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masonry stoves who has one lets see some pics!!!!

Post in 'The Hearth Room - Wood Stoves and Fireplaces' started by argus66, Dec 26, 2011.

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  1. argus66

    argus66 Feeling the Heat

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    hey who on here has a masonry stove/ fireplace the best heating system ever. im really thinking of building one in my house one day. 2 chords of wood for a whole winter of burning im in....

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  2. argus66

    argus66 Feeling the Heat

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    anyone maybe wrong forms for this
  3. rwhite

    rwhite Minister of Fire

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    Search for masonry heaters. I've seen a few posts on here about them.
  4. jeff_t

    jeff_t Minister of Fire

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    Not very many here. Marty S has one and loves it. Woodstock has had pics on their blog, I think, of one that they build.

    On can my list of things to do, when I have an unlimited budget. I would design a house around one.
  5. argus66

    argus66 Feeling the Heat

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    ya i think my house is to small but ive seen kits now made for smaller houses.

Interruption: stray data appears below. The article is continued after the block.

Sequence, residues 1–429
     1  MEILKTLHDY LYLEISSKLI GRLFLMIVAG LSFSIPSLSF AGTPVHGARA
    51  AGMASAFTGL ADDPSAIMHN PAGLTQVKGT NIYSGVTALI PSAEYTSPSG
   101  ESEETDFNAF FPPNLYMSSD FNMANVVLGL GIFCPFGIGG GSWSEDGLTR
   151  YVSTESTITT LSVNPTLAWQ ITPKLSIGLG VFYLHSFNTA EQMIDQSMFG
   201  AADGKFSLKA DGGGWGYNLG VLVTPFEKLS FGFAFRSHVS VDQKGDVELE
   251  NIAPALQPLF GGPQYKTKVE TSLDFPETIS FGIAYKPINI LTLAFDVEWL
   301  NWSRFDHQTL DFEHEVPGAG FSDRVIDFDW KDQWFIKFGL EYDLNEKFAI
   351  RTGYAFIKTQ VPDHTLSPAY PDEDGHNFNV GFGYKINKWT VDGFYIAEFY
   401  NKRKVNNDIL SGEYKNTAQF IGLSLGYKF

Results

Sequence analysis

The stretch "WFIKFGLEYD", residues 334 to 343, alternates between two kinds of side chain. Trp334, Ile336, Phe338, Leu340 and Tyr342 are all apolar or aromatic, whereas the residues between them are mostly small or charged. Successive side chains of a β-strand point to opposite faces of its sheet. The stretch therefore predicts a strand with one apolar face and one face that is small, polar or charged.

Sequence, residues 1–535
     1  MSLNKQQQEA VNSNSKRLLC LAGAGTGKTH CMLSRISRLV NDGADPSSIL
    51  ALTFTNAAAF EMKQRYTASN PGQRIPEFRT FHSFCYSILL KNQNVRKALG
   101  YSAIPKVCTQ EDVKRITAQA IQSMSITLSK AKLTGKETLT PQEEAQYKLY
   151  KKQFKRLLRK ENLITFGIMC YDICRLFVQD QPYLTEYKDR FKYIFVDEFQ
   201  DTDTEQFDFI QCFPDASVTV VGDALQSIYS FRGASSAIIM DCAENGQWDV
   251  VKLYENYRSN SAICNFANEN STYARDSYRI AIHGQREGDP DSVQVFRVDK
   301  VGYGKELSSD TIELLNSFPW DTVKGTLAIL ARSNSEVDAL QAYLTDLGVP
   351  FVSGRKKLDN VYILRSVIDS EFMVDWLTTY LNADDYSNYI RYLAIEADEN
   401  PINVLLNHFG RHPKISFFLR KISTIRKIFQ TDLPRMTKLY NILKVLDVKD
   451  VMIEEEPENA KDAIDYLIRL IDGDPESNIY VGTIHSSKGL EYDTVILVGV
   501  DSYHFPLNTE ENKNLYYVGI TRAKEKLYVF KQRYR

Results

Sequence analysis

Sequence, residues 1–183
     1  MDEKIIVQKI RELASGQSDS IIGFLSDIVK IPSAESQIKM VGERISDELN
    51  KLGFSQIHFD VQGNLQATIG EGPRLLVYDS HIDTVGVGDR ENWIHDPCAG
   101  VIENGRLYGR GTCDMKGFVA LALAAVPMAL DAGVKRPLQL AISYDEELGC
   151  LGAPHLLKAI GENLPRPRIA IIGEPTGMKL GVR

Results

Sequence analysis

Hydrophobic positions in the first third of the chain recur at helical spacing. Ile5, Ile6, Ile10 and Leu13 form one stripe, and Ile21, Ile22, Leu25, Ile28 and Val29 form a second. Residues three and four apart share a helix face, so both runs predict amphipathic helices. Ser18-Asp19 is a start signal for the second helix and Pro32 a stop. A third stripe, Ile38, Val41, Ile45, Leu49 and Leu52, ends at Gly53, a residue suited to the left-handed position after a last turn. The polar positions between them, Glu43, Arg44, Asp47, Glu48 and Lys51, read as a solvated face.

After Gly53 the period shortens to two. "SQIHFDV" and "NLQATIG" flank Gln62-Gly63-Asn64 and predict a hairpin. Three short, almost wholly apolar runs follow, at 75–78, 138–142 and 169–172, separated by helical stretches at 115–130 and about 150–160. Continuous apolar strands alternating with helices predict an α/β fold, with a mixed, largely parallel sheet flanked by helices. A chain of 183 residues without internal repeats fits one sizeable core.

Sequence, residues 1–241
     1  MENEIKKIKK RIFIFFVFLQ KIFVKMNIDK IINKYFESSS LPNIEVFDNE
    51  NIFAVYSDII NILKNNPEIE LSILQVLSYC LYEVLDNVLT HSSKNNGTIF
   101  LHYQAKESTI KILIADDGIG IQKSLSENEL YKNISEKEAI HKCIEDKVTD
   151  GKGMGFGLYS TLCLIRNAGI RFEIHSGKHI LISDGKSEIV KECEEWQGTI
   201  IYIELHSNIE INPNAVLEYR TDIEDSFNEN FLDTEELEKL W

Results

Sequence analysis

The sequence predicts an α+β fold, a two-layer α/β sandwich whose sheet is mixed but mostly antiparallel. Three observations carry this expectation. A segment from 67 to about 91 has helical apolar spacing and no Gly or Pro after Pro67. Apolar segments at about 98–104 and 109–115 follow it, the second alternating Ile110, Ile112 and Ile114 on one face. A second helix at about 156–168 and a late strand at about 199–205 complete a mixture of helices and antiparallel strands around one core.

6. cmonSTART

    cmonSTART Minister of Fire

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    Masonry heaters are great! A guy in my town built one (retired stone mason) and it's BEAUTIFUL! I really wish I had some pictures.
  7. Ehouse

    Ehouse Minister of Fire

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    I just rescued a small Tulikivi from demolition. Search Mountain Flame Heaters, it's the top right picture on their home page. Can't be moved in one piece as I found out. Hard to find anyone willing or able to advise on reconstruction. This model ( T 750 C ) is rated to heat about 650 square feet. It weighs +- 2000 lbs.

    Ehouse
  8. woodmiser

    woodmiser New Member

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    So it's a rocket stove?
  9. argus66

    argus66 Feeling the Heat

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    there is a dealer in the catskills maybe they can help u just found them last night online.
  10. Ehouse

    Ehouse Minister of Fire

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    Not a rocket stove, but a contraflow design where the heated exhaust travels through a couple of vertical switchbacks before exiting the chimney. Some have heated benches like a rocket stove, but the fire box is more conventional. The soapstone (including the firebrick) soaks up the heat and releases it slowly. Supposedly, only 2 firings per 24 hrs. maintain even temps. Some are now sold in kit form for DYI.

    Ehouse
  11. Ehouse

    Ehouse Minister of Fire

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    The original installer of the heater I scored is probably one and the same, and would offer no help or advice unless they were to come and do the rebuild. I can understand their position, I suppose, so I've started gathering the info. elsewhere.

    Ehouse
  12. Martin Strand III

    Martin Strand III New Member

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    TempCast masonry heater, about 8 years old and still cookin' (and about 7000 lbs)